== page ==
fracking

Is the Fracking Boom Really Just a Bubble?

(3BL/Justmeans Media) - The explosion of domestically produced oil and gas through fracking has produced tremors both in the ground surrounding a number of wells as well as in the economy. Suddenly, the whole energy picture has been turned on its head. Instead of an energy importer, we’ve became an energy exporter.

Oil and gas production are both up by double-digits compared to a decade ago. Fears of running out of oil have been replaced by fears of a production glut. We may soon have more oil than we need. This will do little to encourage developers to slow down, despite the numerous concerns that have been raised about the safety and environmental impact of this form of resource extraction, not to mention climate change.

Instead development is going full speed ahead for a number of reasons, including:

  1. Replacement of natural gas for coal as a carbon reduction strategy
  2. Post-Fukushima move away from nuclear
  3. Geopolitical shift to raise America as an energy power relative to OPEC and Russia
  4. Dreams of a lucrative LNG export market
  5. Resurgence of American manufacturing based on low cost energy.
  6. A return to the belief that we will never run out of oil

A recent post by Resilience.org questions the extent to which these claims are based in reality and how much is simply wishful thinking. IS this really the beginning of a new petroleum era, or is a desperate last gasp by the oil industry, an attempt to retain their pre-eminent position in the world economy?

Notice that there is no mention here of climate change. The idea that gas is cleaner than coal—which is true—seems to be enough to satisfy many people that we are doing something despite the fact that, while helpful, it is far from sufficient to reverse the rising levels of atmospheric carbon.

Despite the chronically over-optimistic forecast of the DOE’s Energy Information Administration (EIA), the folks at Post Carbon Institute (PCI) decided to take a look at the data themselves to see if they came to the same conclusion. This, after the EIA, in 2011, responding to United States Geological Survey (USGS) numbers, cut its estimate of recoverable shale gas in the Marcellus field by 80% and Poland by 99%.

That was followed by another downward revision by EIA, of the amount of recoverable tight oil in California’s Monterey Formation, by 96%.

It’s worth asking the question, are we being played?

If We Can't Make Fracking Unnecessary, Can We At Least Make It Safer?

(3Bl Media/Justmeans) - Russell Gold’s pragmatic piece about fracking in the Wall Street Journal makes a number of excellent points. First, our economy has such an enormous appetite for energy, that there is no way we can simultaneously give up coal, oil, nuclear and natural gas, as much as the environment would like us to, without bringing things to a screeching halt. So pick your poison.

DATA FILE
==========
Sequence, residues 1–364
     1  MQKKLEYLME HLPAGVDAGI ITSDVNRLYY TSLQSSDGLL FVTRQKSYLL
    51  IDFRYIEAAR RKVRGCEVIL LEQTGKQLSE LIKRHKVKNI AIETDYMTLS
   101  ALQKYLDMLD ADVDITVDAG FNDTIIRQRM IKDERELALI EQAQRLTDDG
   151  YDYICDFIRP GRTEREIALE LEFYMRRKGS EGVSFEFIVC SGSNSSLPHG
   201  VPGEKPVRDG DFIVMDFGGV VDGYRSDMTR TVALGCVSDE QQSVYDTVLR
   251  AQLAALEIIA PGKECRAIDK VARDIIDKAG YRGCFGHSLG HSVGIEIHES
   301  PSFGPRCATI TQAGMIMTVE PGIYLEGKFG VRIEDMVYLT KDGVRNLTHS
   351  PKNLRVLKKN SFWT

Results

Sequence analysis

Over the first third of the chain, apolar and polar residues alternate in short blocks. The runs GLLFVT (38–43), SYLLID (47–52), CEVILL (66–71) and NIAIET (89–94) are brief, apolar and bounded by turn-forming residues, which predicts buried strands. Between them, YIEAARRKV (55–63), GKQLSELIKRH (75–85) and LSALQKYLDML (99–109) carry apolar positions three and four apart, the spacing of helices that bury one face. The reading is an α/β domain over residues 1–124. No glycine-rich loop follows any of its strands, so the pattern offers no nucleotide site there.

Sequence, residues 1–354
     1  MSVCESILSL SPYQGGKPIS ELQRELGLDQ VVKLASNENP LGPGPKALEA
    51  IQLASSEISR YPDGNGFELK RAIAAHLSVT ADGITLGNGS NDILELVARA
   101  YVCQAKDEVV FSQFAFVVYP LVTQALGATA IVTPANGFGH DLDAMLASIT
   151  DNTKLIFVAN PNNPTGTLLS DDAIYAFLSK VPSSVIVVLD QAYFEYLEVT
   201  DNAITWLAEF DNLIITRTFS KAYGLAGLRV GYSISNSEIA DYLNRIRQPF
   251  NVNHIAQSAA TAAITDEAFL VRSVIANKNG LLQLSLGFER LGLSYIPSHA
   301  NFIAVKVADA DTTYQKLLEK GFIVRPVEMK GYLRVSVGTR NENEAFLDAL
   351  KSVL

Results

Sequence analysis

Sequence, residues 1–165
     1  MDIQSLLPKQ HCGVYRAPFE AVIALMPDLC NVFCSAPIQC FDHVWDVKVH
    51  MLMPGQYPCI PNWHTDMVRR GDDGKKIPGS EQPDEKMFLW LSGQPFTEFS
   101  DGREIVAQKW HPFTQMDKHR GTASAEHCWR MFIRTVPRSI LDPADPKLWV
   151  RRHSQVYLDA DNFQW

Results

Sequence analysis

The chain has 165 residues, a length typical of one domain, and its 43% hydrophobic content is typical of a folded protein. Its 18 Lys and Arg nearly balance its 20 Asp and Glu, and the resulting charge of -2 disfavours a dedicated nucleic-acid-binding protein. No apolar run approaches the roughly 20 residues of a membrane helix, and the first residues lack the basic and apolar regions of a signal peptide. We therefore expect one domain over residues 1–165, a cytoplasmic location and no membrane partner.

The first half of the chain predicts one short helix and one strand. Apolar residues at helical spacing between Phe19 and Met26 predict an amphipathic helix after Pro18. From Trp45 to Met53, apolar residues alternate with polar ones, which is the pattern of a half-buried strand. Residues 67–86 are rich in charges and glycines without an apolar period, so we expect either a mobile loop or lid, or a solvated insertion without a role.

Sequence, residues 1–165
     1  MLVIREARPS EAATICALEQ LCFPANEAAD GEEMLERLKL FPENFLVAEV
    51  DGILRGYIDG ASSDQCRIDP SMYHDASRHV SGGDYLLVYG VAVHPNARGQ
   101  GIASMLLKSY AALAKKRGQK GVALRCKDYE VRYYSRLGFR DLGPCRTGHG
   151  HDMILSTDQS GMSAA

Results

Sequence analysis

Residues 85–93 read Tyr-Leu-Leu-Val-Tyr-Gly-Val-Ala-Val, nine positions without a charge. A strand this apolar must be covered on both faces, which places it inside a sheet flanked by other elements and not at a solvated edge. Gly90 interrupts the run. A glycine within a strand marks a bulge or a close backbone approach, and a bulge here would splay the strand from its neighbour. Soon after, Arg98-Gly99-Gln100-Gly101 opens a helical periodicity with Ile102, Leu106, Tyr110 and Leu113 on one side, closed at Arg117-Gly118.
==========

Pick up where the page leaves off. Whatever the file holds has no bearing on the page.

Conventional wisdom has been that gas is the lesser of the four evils, especially after Fukushima, where nuclear lost most of whatever remaining luster it had. Even the esteemed Rocky Mountain Institute said we could wean ourselves off the other three, while growing the economy, so long as we had natural gas as a “bridge fuel.” That was before the precipitous drop in gas prices due to the discovery of Marcellus Shale and before the realization of the many issues associated with fracking.

Gold mentions several of them: the leaks, the lack of water testing or understanding as to what constitutes a safe and suitable site, and the lack of quality control throughout the process.

He does not mention several other issues including the question of earthquakes triggered by fracking, and the presence of radon in the gas. Radon has a radioactive half-life of 2-3 days. The means that by the time it reaches New York from places like Louisiana, it is no longer radioactive. But it can get to New York a lot faster from Pennsylvania.

Mr. Gold focuses more on pre-testing water before drilling in order to protect companies from “abusive false claims” of water contamination, than he does on legitimate claims.

As to the question of leaks, which the National Renewable Energy Laboratory (NREL) recently found were serious enough to make natural gas less climate-friendly than diesel fuel (though still more benign than coal), he says it’s just a matter of finding the leaks and fixing them. That could be easier said than done, considering the shoddy state of much of our infrastructure, including oil and gas pipelines. There is also the fact that some of the leakage is intentional. Many natural gas wells operating in remote areas without electricity use pneumatic controllers that are powered by a flow of gas that spins a turbine before being released into the atmosphere. Annual releases of as much as 50 billion cubic feet have been recorded in recent years. The EPA has begun regulating these releases under the Clean Air Act, which has led to newer designs with lower emissions that are now being deployed. But these emissions could be cut to zero if solar powered electric units with backup batteries were used instead.

But perhaps the biggest omission is any discussion of any of the work that is currently taking place to actually make fracking safer.

New Paper Shows Fracking Drilling Concentrates in Water Pressed Areas

Ceres study reveals fracking operations are mostly located in regions suffering with water scarcity.

New Report Warns of Coal’s Increasing Share of the Global Energy Mix

IEA's new report forecasts coal growth in emerging countries for lack of high carbon prices.

Subscribe to fracking